Subject Re: [firebird-support] Re: Next TX #, OAT and Connection Duration?
Author Helen Borrie
At 11:07 PM 16/01/2004 +0000, you wrote:
>I read your ealier posting wherein you said:
> > There is a big change in the OAT and the Next, could this be the
> > reason some users are complaining about searches that use to take 5
> > secs , now take 1min 10 secs.
>I have been told many times in this forum that IB / FB performance
>starts with well written queries.

That is a fundamental, a given. Since you are using Delphi, let me assure
you that a TTable is the worst kind of query there is.

>Is it possible that the query that formerly ran in 5 seconds was
>retrieving data from a table of half as many records as that same table
>now has?

It's always possible that a table will grow; but growth won't cause the
query to begin returning row in any longer time. If a query takes 14 *
longer than it used to, it means something else.

> > We thought the same about clearing the database connections,

>We have done a conceptually similar thing, however, we look for this
>file in a background (sleeping) thread every 5 minutes or so. This
>allows us to FORCE a user off even if they've left the building.
>However, we don't yet have an automated way to place this file and
>remove it each night, every night. Plus, this is a very interesting
>technical question that I'd very much like to understanding fully.

Your conceptual problem is that you both believe that transactions that
don't die until you close the connection. You learned this misconception
no doubt by moving from Delphi + Paradox to Delphi + IB + the Paradox
database engine.

The TDatabase component encapsulates one connection + 1 transaction. In
Paradox, there are no transactions, so TDatabase encapsulates Paradox
perfectly. To make IB (and other supported RDBMS that have authentic
multi-user transaction architectures) into Paradox, the IB developers were
persuaded to introduce COMMIT WITH RETAIN. As a result, the BDE (which is
the Paradox database engine) automagically performs a soft commit when the
application calls Post. This was encapsulated into the TDatabase as
CommitRetaining. When you have the TDatabase set up to Autocommit (the
default) you get CommitRetaining.

The other killer default with the one transaction-one connection model is
that your one-and-only transaction can't be read-only and read-write at the
same time. The default DML methods of the TTable or TQuery need a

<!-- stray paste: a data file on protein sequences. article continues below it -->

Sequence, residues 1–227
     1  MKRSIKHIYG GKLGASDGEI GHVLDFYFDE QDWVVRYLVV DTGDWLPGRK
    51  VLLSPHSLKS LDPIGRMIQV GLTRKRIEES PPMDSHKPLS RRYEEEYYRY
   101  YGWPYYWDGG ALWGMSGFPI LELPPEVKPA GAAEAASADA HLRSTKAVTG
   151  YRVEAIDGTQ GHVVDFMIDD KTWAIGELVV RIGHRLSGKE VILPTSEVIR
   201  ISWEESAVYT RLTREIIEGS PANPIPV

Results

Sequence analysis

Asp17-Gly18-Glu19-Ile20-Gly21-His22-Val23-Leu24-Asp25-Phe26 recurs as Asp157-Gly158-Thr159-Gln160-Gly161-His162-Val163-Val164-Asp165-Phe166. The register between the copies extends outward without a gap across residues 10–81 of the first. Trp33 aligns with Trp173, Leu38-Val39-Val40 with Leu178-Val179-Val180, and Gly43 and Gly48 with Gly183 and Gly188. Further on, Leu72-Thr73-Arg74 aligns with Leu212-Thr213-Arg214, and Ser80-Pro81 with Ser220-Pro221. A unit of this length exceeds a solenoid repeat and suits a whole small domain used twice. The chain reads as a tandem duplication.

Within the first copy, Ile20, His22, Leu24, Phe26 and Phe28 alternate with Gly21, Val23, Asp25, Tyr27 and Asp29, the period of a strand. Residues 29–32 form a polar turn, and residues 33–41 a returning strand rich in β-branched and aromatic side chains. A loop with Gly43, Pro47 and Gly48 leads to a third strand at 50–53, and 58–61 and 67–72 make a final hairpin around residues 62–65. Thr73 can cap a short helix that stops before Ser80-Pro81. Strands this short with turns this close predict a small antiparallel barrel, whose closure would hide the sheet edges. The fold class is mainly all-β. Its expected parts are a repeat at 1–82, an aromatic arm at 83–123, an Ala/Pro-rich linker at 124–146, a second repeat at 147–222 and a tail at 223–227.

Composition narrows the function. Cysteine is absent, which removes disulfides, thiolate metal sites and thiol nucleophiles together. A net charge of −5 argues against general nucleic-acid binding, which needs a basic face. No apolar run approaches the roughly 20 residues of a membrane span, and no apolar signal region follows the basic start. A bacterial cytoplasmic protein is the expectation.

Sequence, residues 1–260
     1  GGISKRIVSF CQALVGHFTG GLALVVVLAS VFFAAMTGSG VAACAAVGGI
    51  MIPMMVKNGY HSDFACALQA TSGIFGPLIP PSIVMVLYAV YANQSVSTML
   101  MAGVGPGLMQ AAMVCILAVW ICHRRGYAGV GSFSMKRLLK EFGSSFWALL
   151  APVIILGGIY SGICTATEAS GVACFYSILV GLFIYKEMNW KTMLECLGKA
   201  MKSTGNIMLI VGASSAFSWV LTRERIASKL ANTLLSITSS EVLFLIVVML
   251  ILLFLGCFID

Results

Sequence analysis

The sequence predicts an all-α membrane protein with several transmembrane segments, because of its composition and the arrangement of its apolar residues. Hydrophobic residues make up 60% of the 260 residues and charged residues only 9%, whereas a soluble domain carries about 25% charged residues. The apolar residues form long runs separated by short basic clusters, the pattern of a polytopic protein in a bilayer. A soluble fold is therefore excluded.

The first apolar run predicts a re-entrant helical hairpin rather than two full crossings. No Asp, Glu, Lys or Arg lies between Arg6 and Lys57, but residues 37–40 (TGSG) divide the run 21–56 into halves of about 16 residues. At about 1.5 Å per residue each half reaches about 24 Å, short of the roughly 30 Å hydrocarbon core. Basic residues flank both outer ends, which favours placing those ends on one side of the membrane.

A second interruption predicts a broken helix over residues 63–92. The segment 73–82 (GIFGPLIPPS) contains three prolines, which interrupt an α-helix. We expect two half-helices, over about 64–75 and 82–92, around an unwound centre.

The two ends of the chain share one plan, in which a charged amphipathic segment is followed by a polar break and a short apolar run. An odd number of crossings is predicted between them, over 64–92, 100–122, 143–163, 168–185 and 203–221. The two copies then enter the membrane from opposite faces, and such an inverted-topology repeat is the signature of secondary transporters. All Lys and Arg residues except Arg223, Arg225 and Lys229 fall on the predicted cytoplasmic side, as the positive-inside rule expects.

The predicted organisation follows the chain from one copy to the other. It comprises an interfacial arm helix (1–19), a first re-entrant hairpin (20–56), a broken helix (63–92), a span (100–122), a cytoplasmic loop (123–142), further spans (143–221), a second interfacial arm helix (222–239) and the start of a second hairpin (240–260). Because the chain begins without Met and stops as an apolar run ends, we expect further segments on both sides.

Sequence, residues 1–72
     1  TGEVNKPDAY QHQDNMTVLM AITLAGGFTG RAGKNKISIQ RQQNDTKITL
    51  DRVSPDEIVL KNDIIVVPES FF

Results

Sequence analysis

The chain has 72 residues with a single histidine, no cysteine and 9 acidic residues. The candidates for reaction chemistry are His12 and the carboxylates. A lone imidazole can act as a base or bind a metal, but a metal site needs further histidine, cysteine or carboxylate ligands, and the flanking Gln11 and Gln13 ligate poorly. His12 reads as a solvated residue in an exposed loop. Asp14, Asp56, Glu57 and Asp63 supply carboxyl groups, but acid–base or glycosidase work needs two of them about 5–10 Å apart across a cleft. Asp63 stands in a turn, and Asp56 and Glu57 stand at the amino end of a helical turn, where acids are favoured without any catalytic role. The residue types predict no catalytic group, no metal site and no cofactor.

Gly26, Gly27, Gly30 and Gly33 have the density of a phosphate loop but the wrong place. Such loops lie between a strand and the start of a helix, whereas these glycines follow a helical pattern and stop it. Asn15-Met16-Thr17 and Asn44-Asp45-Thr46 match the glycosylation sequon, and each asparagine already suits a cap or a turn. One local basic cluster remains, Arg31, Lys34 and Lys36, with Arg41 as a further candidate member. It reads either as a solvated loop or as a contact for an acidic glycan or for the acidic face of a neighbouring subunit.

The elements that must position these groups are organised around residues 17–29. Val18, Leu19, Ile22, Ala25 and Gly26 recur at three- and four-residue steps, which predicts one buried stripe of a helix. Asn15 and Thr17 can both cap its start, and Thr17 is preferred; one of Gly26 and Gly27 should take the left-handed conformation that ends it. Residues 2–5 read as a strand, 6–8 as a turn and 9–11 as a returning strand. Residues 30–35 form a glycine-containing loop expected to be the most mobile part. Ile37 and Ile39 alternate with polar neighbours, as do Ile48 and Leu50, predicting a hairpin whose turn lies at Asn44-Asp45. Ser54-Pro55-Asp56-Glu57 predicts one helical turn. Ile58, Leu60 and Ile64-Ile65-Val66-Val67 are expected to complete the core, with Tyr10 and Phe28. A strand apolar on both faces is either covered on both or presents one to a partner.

read-write transaction. So, you build your apps just like you did with
Paradox - a dbgrid (or fancy third-party descendant) over a read-write
TTable or an abominably wide-reaching TQuery and keep it visible all
day. Even if your users do nothing all day but paint their fingernails,
there is no movement of OIT or OAT and garbage collection is stopped.

CommitRetaining is *designed* ...
-- to disguise transactional RDBM systems as Paradox
-- to hide the fact that a transaction is a conversation between a client
API and the server
-- to deliver on Marketing's implicit promise that RAD makes it unnecessary
for the developer to understand how the database engine works
-- is not available to transactional RDBM systems that don't have COMMIT

With the BDE defaults, a transaction never dies until the connection
dies. IB and Firebird *need* dead transactions in order to clean up. You
*can* take control of TDatabase's transaction, using StartTransaction and
Commit, but a lot of you think it takes the "R" out of
"RAD". Unfortunately, it also takes the "R" out of what you deliver to
your users.

> > We would love to hear how this should be delt with "officially"
> > using Firebird 1.3.972 as the performance and memory eating is
> > somewhat spectacular to watch on a main company server.

"Officially" - that is rib-ticklingly funny. One of the most powerful
themes in this list since the moment it began has been "don't use the BDE"
(or other generic interfaces that hide transactions...) There is a
thriving and competitive industry in our community's third-party satellite
zone that frequently converts our list into a war zone, as to which are the
best direct-to-API Delphi/Kylix/BC++B components for Firebird. We are
*spoiled* for choices.

"Officially", drop the BDE, target "Real Application Development" and get
your head around multi-user concurrency. Then the relevance of
record-versioning and garbage collection in Firebird's implementation of
MUC will all make sense and you'll stop blaming the database architecture
for your spectacular balls-ups.